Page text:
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How improper storage can make potatoes toxic

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Potatoes are a staple food item for many people around the world, but their storage methods have been a subject of debate in recent years. According to research on the global website for food quality, it is now safe to store potatoes in the refrigerator. However, this was not always the case. In the past, it was advised not to keep potatoes in the fridge as there was a concern about toxic acrylamides being formed. But today, scientists have found that there is no significant difference between storing potatoes in the fridge or at room temperature when it comes to acrylamide levels.

When it comes to storing potatoes, it’s important to keep them in a cool and dry place. A perforated plastic bag is not well ventilated and can cause potatoes to rot quickly. Additionally, potatoes should be stored in complete darkness as exposure to light can cause harmful substances called “phytoalexins” to form on their skin. These substances are usually not visible from outside but can be identified by their greenish color. Large potatoes with a green skin can be peeled off completely, while smaller ones with a green skin should be discarded.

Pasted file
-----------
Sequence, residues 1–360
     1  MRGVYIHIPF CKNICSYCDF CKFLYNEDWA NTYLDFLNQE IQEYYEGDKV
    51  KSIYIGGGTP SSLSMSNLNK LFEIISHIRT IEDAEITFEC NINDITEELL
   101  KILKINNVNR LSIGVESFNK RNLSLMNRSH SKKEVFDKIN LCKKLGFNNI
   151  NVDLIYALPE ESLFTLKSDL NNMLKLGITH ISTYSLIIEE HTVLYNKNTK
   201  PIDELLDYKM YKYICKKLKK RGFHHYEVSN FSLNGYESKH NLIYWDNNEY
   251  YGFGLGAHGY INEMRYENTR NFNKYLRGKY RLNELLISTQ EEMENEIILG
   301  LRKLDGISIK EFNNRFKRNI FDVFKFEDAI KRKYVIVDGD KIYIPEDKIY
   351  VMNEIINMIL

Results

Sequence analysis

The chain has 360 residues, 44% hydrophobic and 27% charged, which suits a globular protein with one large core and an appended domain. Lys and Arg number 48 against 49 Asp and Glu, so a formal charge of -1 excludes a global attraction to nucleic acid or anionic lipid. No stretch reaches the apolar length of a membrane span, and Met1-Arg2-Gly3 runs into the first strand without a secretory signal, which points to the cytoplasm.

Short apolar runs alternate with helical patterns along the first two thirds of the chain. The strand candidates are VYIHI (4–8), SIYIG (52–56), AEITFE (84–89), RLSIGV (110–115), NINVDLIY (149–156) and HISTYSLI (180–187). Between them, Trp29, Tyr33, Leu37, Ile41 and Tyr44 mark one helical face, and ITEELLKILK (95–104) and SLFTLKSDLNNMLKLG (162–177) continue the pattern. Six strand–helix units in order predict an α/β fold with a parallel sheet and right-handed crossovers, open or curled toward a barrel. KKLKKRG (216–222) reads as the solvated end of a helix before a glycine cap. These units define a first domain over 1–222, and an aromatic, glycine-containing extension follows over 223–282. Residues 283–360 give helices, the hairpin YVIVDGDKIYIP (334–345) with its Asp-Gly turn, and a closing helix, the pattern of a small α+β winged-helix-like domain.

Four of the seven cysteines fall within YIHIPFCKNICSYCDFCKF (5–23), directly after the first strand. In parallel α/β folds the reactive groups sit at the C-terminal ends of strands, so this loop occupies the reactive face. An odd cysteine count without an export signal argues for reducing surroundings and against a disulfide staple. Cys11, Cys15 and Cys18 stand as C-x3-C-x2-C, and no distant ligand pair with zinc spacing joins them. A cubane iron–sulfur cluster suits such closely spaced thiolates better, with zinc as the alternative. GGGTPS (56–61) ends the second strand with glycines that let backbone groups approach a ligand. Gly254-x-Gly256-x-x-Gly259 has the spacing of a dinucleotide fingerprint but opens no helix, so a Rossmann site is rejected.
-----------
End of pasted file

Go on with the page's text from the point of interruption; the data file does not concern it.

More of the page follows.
It’s worth noting that potatoes are rich in potassium and can help replenish lost minerals from the body after vomiting or diarrhea. Some of these minerals also pass into the cooking water so that those who cannot eat due to these conditions can try drinking it instead of throwing away the vegetables entirely.

In conclusion, while there were previously concerns about storing potatoes in the refrigerator due to potential toxic acrylamide formation, current research suggests that this is no longer an issue. Potatoes should still be stored in a cool and dry place with complete darkness and peeled thoroughly before consumption if they have been exposed to light or if they have any signs of spoilage.

By Editor

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